The negativity of the 1990s, according to historian Stephanie Coontz in Welfare Reform’s 20th Anniversary, also reflected a revisionist history of the anti-poverty measures passed under Johnson and Nixon. President Ronald Reagan fanned the skepticism of the 1980s: “We fought a war on poverty, and poverty won.” In fact, the 1965 war on poverty programs reduced poverty by nearly half.

Some criticisms of the old model were legitimate. “AFDC tended to penalize work and encourage under-the table ways of earning money because the grant was reduced if a recipient earned or reported any extra income,” explained Coontz. “The work deterrent was much more modest than often assumed, but it was real.” Still, the solution was draconian: The 1996 law abolished AFDC’s guarantee of cash assistance to all eligible poor families. It gave states a fixed pool of money for income support and work programs, along with “considerable leeway about how – or whether — to spend that money.” Louisiana, Michigan, and Missouri are among the states that cut direct benefits and diverted funds to other uses. The federal government also allocated new funds for programs to promote marriage as a solution to poverty, an agenda that became increasingly central to welfare policy in the early 2000s.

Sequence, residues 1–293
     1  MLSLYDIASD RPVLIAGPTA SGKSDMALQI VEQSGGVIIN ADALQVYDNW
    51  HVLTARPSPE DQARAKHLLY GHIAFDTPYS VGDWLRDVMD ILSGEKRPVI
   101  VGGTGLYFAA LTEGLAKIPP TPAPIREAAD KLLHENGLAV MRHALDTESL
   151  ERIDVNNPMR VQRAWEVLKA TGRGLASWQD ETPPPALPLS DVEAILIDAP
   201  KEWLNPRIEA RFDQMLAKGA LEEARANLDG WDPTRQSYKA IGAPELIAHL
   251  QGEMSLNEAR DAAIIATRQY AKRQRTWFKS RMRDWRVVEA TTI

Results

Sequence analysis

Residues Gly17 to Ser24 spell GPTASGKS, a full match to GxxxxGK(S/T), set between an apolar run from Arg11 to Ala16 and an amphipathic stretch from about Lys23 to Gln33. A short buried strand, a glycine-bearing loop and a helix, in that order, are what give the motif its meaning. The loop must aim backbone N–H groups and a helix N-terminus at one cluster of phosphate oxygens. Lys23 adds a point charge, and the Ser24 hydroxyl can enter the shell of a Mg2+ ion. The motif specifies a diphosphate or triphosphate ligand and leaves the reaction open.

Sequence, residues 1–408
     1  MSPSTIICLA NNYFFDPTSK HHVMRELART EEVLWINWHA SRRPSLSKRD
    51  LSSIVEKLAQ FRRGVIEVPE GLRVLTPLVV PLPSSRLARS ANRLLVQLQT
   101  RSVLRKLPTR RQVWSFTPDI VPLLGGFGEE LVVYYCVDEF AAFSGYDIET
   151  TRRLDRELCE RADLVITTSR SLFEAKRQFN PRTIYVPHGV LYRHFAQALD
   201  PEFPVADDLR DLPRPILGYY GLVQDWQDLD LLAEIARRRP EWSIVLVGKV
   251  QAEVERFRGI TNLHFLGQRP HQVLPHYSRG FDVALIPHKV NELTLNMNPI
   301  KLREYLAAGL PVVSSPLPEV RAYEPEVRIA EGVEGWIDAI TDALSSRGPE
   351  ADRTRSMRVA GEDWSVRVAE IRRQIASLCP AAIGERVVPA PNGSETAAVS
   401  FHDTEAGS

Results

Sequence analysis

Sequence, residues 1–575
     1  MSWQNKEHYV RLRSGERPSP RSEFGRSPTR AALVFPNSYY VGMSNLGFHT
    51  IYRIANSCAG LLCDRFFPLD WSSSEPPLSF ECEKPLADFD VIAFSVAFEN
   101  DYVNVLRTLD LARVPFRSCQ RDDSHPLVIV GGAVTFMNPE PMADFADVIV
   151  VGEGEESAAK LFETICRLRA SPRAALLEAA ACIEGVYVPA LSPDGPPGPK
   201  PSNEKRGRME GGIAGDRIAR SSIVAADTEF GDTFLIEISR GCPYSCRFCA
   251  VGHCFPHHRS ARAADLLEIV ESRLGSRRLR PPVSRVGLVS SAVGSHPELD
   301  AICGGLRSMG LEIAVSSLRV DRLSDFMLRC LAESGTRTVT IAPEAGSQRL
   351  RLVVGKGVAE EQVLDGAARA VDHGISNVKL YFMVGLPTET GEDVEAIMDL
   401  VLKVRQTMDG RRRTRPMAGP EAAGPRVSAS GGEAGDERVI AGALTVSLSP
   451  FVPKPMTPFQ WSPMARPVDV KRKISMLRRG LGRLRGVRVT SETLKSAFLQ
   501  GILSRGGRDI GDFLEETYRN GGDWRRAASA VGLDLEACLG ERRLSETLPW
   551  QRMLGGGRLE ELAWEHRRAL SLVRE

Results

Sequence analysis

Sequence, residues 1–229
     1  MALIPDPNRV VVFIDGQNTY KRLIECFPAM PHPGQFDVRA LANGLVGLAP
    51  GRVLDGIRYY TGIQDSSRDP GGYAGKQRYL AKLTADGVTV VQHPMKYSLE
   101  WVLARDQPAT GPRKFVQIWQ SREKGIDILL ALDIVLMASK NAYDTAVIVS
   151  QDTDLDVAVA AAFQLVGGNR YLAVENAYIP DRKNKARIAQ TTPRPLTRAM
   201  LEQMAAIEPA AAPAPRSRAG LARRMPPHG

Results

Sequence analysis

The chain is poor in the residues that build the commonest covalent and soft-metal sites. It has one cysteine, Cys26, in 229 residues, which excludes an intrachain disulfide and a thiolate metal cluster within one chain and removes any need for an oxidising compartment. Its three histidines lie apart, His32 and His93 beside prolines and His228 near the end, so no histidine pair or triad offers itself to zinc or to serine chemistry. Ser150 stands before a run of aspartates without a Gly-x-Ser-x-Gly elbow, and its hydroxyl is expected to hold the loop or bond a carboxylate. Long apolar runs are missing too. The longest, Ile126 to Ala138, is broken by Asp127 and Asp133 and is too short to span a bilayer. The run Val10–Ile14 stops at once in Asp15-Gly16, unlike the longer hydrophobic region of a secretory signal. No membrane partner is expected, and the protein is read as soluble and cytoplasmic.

Photo by Caitlyn_and_Kara, Flickr CC.
Photo by Caitlyn_and_Kara, Flickr CC.

Marriage promotion didn’t reduce poverty.

Over the past 20 years, one billion dollars (total) of welfare funds have been directed at programs aimed to increase marriage rates and thereby reduce poverty. In The Frontlines of Welfare Reform: Why Marriage and Responsible Fatherhood Programs Succeed or Fail, sociologist Jennifer Randles reviews studies of welfare-funded couples workshops that targeted poor families.